To Māori, the larval form is known as huhu (also tunga haere, tunga rākau) with the adult stage known as pepe-te-muimui. However, the larval and adult forms are commonly referred to as the huhu grub and huhu beetle, respectively.
As the huhu larva reaches maturity it ceases to bore in wood and casts its skin. This still edible stage is known in Maori as tataka. It then develops wings and legs, and while it is still white, it is known as pepe. Finally, it emerges and flies off to reproduce and is known as tunga rere.
Female adult huhu beetles oviposit their 3mm cigar-shaped eggs in clutches of 10–50, though up to 100 may be found. Eggs are laid in cryptic sites or in cracks in the bark of fallen wood. In laboratory conditions of 20°C ± 2°C and a relative humidity of c. 75%, eggs hatched in 23 ± 2 days.
Before hatching, the larva can be seen to move inside the egg and will break free from the egg using its mandibles to pierce the chorion of the egg and then enlarging the opening by chewing, although the chorion itself is not ingested. Setae that are found on abdominal segments 1-6 assist in providing support as the larva leaves the egg and excavates the initial gallery.
The whitish-coloured larvae measure up to 70 millimetres (2.8 in) long and normally feed on dead wood of gymnosperms (mainly native and introduced conifers) associated with lowland podocarp forest. Larval duration of P. reticularis is two to three years in the wild. Under laboratory conditions, larval duration has been reduced to c. 250 days using an artificial diet and maintaining a temperature of 20°C. In its final instar the larva moves to within 7.5 - 10cm of the surface of the wood before constructing the pupal chamber. The pupal chamber is constructed by enlarging the diameter of the normal gallery over a period of one to three days. This process creates fragments of wood similar to wood shavings about 3cm by 1cm in size which are then packed into the larval gallery to form a plug. Once the plug is completed the larva lines the walls of the pupal chamber with the last frass voided from its gut. The larva then undergoes a resting period of around ten to fifteen days where the abdominal segments contract and the body darkens slightly whereupon it moults into a pupa.
The pupal phase lasts around 25 days with gametogenesis being completed during this stage. Eclosion occurs with a rupture along the frontal suture followed by a longitudinal rupture to the posterior border of the mesothorax. The head, feet and wings are freed during arching movements of the body through the ruptured cuticle. The emerged adult may then enter an inactive period of three to five days prior to creating an exit tunnel out of the pupal cavity.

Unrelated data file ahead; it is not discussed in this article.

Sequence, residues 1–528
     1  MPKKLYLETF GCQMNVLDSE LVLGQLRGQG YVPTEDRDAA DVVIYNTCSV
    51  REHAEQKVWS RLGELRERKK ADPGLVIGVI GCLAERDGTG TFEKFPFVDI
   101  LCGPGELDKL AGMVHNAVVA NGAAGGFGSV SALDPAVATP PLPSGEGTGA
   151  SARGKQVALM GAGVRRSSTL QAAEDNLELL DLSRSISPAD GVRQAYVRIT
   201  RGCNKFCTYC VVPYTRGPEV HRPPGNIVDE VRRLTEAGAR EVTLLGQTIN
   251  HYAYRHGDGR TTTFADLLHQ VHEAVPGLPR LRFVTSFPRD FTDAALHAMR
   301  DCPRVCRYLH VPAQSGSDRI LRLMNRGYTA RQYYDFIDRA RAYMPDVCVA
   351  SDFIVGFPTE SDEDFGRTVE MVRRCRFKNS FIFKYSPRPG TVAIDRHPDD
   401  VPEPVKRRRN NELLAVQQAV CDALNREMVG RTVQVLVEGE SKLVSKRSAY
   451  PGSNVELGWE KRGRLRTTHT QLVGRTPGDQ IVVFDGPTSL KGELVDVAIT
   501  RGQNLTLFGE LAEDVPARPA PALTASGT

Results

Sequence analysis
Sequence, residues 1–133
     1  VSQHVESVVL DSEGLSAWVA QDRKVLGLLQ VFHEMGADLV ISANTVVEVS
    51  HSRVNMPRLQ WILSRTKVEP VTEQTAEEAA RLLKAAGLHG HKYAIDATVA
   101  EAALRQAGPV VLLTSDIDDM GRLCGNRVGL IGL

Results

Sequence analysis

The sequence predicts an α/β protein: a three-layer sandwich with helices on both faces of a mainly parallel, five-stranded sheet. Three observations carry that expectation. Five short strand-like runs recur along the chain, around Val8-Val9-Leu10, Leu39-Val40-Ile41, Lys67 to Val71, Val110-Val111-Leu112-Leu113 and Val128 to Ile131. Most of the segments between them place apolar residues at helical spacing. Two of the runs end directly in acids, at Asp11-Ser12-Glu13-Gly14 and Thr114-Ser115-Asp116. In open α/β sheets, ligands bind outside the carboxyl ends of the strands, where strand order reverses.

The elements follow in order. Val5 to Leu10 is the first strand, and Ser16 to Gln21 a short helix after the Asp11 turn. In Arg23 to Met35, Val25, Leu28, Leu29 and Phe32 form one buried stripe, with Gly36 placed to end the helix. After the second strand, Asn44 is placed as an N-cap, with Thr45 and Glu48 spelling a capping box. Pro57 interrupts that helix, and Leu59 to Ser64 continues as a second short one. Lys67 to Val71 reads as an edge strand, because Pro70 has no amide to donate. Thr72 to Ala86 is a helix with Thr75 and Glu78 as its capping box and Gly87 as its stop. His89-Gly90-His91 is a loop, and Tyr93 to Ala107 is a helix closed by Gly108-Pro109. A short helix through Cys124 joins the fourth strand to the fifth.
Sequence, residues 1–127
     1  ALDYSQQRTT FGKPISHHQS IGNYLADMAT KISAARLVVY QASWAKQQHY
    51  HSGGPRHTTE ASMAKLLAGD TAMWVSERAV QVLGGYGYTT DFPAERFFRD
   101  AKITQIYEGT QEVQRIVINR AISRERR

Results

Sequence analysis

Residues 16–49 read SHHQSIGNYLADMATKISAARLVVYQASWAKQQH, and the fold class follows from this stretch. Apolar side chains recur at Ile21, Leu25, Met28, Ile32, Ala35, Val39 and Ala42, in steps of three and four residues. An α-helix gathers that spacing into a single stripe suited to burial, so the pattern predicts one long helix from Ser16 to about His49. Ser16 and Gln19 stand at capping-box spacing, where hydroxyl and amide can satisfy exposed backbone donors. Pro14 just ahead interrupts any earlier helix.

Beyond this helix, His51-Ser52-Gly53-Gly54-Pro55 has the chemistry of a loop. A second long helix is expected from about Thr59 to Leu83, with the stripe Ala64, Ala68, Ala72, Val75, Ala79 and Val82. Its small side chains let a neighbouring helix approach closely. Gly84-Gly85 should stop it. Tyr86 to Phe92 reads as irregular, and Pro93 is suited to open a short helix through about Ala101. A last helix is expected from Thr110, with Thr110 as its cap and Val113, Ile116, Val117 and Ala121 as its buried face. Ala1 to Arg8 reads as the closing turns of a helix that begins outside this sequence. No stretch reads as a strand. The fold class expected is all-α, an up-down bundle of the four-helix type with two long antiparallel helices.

Following pupation and emergence, the adult beetle does not eat and lives for approximately two weeks.
The beetles are nocturnal and are attracted by the lights of dwellings as noted by Hudson in 1892 "it is greatly attracted to light, and this propensity frequently leads it on summer evenings to invade ladies' drawing-rooms, when its sudden and noisy arrival is apt to cause much needless consternation amongst the inmates". They have powerful mandibles, which can produce a painful bite.
Adult females of P. reticularis produce an olfactory cue which attract adult males to the female. Adult individuals of both sexes will show a display behaviour if disturbed with the head jutting forward, mandibles opening to their full extent, antennae flailing and the head being raised and lowered. High intensity displays between individuals may lead to combat with preliminary grappling occurring with fore legs which usually results in an individual being thrown onto its back. Any object coming into contact with the mandibles is seized frequently resulting in the loss of appendages.
As a food sourceEdit
The larvae of P. reticularis are edible, with a long history of indigenous consumption, and their flavour has been described as like buttery chicken or peanut butter. There are different names in Māori for grubs at different stages of development, for example young larvae still actively feeding on timber are called tunga haere or tunga rakau, while full grown grubs which have ceased to feed and are preparing to pupate are called tataka and are the most prized (because there is no undigested wood pulp inside of them at this point). Huhu grubs may be consumed either raw or traditionally cooked in a hāngi, and are an especially rich source of fat in the New Zealand wilderness.
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